The semester, we are following a paper of Peterzil and Starchenko in the model theory seminar. Dave Marker gave the first lecture, which was a general interest to the topics the paper will consider. This post is going to give rough notes of Dave’s talk. We begin with a result of Ax:

**Theorem:** Let -linearly independent over . Then

**Geometric version:** Let be the group of . Let be convergent power series on . Let (note: I will use to denote the graph of a function). Then the rank of the matrix is equal to The dimension of the Zariski closure of denoted is at least unless the projection of $U$ to its first $n$ coordinates is contained in a linear subspace: , in which case, .

The statement which is usually called the **Ax-Lindemann-Weierstrass Theorem** (hence ALW) is a more detailed statement of the algebraic content of the geometric version of Ax’s result:

**ALW** If are irreducible algebraic varieties, with , then there is a coset of an algebraic subgroup of so that .

Now, we will consider statements of a similar nature in a more general setting. Let be an abelian variety of dimension (again we are working over the complex numbers throughout). Then there are so that we can realize as the quotient of by in an analytic manner: that is, there is a surjective analytic map , with . We will be considering this map Much like the complex exponential function, this global map is poorly behaved when we consider it in any expansion of the real field (because it is periodic on , with this map and the field structure, it is easy to see that you can interpret the integers).

But, we are still going to use tame model theory (o-minimality) to prove things about this map (eventually) – we are just going to have to be careful about restricting to bounded subsets of the domain. In this setting, we have another ALW-type result (this one was proved by Pila and some cases by others, I think – if you can give a definitive account of this, please comment below and I will modify the post).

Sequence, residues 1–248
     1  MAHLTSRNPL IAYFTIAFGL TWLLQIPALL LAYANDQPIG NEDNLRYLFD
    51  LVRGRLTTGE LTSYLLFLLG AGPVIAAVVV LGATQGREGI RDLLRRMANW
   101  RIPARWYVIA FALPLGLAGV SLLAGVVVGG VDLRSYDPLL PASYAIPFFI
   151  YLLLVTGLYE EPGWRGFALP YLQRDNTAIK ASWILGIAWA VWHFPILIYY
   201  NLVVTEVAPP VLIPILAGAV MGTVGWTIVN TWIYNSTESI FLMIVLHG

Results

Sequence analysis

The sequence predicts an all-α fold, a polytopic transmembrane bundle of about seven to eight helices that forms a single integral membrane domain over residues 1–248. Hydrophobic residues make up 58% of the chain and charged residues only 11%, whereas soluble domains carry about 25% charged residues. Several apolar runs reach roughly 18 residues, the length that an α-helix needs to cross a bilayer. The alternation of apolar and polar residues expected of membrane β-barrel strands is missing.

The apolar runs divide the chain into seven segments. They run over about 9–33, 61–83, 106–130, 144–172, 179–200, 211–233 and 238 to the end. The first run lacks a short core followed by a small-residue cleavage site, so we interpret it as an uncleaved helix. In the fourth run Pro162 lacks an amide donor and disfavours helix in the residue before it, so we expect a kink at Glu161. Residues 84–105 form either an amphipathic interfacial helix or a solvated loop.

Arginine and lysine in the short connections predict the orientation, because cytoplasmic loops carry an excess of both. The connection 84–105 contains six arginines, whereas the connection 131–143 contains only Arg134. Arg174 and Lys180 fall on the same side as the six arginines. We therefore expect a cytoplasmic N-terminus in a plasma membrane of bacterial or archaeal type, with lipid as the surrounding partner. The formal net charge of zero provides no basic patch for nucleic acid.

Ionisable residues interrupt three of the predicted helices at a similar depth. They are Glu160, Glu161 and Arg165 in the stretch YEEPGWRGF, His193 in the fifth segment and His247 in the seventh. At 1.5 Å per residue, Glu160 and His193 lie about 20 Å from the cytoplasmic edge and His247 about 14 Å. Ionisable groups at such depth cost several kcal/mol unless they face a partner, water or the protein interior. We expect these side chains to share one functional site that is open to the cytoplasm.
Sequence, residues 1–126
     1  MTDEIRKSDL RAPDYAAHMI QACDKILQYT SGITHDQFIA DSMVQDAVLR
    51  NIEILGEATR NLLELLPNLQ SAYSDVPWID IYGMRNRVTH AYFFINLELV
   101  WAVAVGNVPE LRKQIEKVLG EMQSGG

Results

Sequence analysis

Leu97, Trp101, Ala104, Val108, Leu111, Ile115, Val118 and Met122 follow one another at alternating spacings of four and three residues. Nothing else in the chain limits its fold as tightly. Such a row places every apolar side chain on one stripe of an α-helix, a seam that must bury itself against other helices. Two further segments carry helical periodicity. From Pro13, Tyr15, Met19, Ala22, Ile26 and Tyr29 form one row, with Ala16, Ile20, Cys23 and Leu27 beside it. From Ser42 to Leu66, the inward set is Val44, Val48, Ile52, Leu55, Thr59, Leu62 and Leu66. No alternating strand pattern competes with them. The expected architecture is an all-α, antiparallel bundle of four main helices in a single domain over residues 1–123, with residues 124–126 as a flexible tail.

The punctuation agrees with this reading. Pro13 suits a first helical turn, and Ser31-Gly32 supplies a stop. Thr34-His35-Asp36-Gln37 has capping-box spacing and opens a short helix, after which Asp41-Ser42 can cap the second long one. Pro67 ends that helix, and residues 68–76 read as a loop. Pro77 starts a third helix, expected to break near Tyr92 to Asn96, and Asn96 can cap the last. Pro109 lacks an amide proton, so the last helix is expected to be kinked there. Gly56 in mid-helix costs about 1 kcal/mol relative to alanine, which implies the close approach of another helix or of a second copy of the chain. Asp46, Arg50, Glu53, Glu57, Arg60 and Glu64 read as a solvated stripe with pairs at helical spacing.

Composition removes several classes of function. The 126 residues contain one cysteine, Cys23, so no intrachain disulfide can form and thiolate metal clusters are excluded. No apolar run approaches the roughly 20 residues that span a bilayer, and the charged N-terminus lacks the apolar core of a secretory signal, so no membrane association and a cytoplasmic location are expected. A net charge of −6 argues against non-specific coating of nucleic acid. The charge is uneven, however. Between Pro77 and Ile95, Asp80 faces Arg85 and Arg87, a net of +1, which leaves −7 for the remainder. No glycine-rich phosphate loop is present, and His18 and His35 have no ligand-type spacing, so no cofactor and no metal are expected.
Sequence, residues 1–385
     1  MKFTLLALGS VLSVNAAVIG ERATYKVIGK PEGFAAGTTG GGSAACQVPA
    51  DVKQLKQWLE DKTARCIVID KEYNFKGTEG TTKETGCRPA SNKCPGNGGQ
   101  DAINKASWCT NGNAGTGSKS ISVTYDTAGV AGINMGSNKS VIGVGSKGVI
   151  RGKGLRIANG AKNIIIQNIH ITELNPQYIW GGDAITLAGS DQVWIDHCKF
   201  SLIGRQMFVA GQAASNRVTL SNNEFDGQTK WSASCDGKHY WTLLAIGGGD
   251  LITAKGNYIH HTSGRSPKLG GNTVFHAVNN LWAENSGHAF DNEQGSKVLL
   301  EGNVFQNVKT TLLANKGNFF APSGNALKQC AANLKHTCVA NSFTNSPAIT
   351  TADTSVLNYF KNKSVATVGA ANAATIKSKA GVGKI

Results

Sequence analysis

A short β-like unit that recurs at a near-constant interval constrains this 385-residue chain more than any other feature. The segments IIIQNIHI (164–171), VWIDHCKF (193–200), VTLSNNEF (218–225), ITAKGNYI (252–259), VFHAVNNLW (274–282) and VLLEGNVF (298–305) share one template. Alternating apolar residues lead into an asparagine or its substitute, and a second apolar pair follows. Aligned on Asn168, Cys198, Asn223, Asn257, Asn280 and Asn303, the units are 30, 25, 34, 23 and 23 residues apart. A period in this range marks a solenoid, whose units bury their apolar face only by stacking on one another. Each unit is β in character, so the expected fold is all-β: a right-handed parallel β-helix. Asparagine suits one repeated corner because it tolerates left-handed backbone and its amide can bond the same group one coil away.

**ALW:** Let be as above. Suppose that is an irreducible algebraic variety, then is a coset of a subabelian variety.

Of course, to many of us, these statements about transcendence and restrictions on the algebraic closures of very transcendental maps are interesting in their own right, but there are other reasons that these results have proven useful. We will spend the rest of the time describing the Pila-Zannier approach to diophantine problems in one specific interesting case.

**Manin-Mumford (special case):** If is a simple abelian variety over a number field and is a curve, then is finite.

We will describe the Pila-Zannier proof. First, we will think about the following maps: , where . Then , and But, we only need to understand the map on , by periodicity.

So, let be a curve, and let and let now we will think about , which is definable in the o-minimal structure $\mathbb R_{an}$ (the real field augmented by maps of any analytic function of any number of variables restricted to a compact subset). Now, a powerful theorem will come onto the scene (actually, it already did in Pila’s proof of ALW, but this seminar is about proving ALW in another manner, so lets disregard that…).

**Pila-Wilkie:** Let be definable in an o-minimal structure and let be the union of connected semialgebraic curves. Then for any , let with in lowest terms, and for all ,

Note that in general can be a countable union of algebraic curves (for instance, think about the graph of$latex x^y=z$ in . So, one point of the result is that one can characterize a certain a priori analytic curve as algebraic just by finding a lot of points on the curve. Then if you know a transcendence result (e.g. ALW above), these two points can be played off of each other.

Under the assumptions for our MM-type problem, is empty, because one can prove that if contains a semi-algebraic curve, then contains an algebraic curve (we won’t prove this). Of course, the only way this happens is for to be the coset of an abelian subvariety, but there are none, by simplicity.

Now, there is a result of Masser: such that if is a torsion point of order $n \geq N $, then has at least many conjugates over $k$. Now of course, we have a problem – if we do have infinitely many torsion points on our curve, then add some torsion point of order at least . One can, bound the height of the preimage of the torsion points in as a linear function of their order. But, now we get at least many of these points, which violates Pila-Wilkie. So, we must have had only finitely many torsion points on our curve.

This was the end of Dave’s seminar. Several comments: as mentioned, Pila-Wilkie is used in two places – once to prove the functional transcendence results (this is quite involved) and onces to play off of a result like Masser’s (in other contexts, there are other results of a similar spirit). This seminar is about proving the functional transcendence results in a more straightforward manner without appealing to Pila-Wilkie. Pila-Wilkie is “ineffective” in the sense that we know that the growth rate of the points on the certain definable sets must be small, but we don’t know the constants or at what point the growth rates kick in – so there are fewer than many points happens eventually, for large enough , but we don’t know what large enough means. So, effectivizing these finiteness statements with specific bounds is of quite a bit of interest. It has been done in certain contexts, but that is another story for another time.